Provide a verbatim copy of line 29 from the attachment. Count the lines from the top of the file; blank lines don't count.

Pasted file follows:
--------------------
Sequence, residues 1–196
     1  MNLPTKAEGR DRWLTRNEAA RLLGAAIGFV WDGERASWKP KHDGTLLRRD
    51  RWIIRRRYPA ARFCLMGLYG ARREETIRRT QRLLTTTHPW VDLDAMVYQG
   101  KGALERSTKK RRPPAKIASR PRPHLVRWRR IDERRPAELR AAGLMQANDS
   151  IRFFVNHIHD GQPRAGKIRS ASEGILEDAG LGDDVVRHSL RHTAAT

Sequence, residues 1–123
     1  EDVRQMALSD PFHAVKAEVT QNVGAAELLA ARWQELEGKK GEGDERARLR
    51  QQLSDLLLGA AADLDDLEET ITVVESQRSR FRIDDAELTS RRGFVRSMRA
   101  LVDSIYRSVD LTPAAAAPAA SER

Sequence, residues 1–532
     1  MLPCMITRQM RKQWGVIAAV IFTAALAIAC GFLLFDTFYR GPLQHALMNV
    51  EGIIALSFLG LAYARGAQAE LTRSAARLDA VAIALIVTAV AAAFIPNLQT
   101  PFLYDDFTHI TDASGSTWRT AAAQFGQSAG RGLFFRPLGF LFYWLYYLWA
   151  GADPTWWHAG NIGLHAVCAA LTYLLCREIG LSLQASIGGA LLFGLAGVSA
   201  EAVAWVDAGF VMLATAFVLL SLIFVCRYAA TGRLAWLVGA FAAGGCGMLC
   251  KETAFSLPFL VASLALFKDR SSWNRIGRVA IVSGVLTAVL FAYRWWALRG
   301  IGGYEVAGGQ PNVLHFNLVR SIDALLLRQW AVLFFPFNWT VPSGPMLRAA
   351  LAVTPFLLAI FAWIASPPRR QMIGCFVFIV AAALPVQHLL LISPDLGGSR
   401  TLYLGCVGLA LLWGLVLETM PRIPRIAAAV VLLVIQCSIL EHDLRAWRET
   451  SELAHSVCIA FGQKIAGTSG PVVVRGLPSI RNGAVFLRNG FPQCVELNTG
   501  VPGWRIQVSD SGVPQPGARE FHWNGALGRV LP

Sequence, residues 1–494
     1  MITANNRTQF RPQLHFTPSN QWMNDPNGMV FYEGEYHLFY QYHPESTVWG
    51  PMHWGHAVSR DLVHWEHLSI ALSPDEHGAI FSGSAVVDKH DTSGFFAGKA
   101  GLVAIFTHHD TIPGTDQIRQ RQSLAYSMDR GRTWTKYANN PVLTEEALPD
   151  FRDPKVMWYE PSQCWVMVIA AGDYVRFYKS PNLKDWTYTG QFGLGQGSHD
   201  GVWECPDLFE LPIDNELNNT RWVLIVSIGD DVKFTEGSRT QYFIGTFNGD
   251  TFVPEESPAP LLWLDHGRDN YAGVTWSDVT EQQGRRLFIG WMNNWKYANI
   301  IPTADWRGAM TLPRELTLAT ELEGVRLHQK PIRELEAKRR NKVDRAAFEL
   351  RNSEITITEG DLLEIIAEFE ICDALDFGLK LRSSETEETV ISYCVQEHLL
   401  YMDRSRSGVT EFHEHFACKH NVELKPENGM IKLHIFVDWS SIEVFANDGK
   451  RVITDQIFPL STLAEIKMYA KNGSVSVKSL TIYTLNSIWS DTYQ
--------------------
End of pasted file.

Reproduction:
   301  IPTADWRGAM TLPRELTLAT ELEGVRLHQK PIRELEAKRR NKVDRAAFEL